The U.S. Centers for Disease Control and Prevention, in the publication Guidelines for Environmental Infection Control in Healthcare Facilities, recommends environmental sampling in the setting of an outbreak investigation, as part of research investigating healthcare-associated infections, for the monitoring of potential environmental hazards, and for quality assurance [1]. These recommendations emphasize rigorous methodologies to ensure accuracy of results. Further guidelines on the monitoring of environmental cleaning of patient rooms, including post-discharge cleaning (PDC), outline the advantages and limitations of five available methods: direct observation of cleaning practice (such as visual inspection), cultures of surfaces obtained by swab, cultures of surfaces obtained by Agar slide, detection after cleaning of a fluorescent marker (FM) placed prior to cleaning, and sampling for the presence of adenosine triphosphate (ATP) as a marker for organic material [2, 3]. While they do not directly assess for the presence of pathogens, visual inspection, FM and ATP methods are easy to implement; unlike microbiologic techniques, they allow for evaluation of effectiveness immediately after PDC is performed. It has been demonstrated that the quality of environmental cleaning as measured by culture of pathogens may be improved through education of environmental services staff [4].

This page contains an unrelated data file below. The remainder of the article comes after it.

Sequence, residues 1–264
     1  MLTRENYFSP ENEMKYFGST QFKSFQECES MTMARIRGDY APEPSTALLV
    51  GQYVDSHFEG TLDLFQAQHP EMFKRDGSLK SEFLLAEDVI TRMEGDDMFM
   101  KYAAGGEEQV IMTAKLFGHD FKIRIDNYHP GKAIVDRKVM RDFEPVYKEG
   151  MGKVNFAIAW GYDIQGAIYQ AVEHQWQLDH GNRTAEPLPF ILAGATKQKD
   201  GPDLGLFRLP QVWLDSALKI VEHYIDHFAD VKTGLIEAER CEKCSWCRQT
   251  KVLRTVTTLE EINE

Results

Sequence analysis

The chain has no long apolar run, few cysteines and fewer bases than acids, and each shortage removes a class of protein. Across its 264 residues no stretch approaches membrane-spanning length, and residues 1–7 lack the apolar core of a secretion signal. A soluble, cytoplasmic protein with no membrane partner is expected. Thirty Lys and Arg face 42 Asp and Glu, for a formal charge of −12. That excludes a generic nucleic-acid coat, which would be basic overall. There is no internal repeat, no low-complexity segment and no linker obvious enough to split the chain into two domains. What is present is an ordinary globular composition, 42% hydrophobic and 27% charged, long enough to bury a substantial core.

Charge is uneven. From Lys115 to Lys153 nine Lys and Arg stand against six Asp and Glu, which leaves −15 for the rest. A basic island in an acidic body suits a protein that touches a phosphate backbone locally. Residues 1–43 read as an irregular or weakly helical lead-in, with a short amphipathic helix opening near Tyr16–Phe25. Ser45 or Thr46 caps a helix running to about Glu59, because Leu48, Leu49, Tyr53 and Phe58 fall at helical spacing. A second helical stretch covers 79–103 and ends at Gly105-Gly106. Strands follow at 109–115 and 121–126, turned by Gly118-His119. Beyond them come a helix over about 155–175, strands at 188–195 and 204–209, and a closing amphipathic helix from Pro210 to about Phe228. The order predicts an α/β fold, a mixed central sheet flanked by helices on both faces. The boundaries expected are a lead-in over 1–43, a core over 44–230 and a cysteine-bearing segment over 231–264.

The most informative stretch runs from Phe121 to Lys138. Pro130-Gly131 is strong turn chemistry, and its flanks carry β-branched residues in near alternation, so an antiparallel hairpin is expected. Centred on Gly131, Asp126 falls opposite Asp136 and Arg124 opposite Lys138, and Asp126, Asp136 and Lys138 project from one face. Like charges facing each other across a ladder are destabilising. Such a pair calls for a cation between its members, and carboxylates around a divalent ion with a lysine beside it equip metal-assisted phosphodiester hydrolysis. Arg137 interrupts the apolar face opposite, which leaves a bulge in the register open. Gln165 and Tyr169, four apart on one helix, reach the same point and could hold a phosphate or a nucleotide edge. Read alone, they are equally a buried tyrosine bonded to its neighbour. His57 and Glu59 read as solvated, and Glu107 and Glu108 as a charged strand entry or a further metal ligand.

To date, multiple studies have investigated the accuracy of ATP quantification to assess the effectiveness of environmental cleaning, compared to either visual inspection or microbiologic evaluation of cleanliness [512]. These studies do not, however, make a direct analytic comparison of visual inspection to a microbiologic comparator for the purposes of determining the accuracy of visual inspection in determining the effectiveness of PDC. One study has described both FM and microbiologic methods of evaluating an educational intervention to improve cleaning practices [13], and multiple studies have described the use of a FM to evaluate environmental cleaning [1420], but without a statistically rigorous comparison of methods. A recent study investigating the efficacy of PDC on five high-touch surfaces quantified aerobic colony count (ACC) and ATP immediately before and after PDC, as well as removal of FM placed immediately before PDC [21].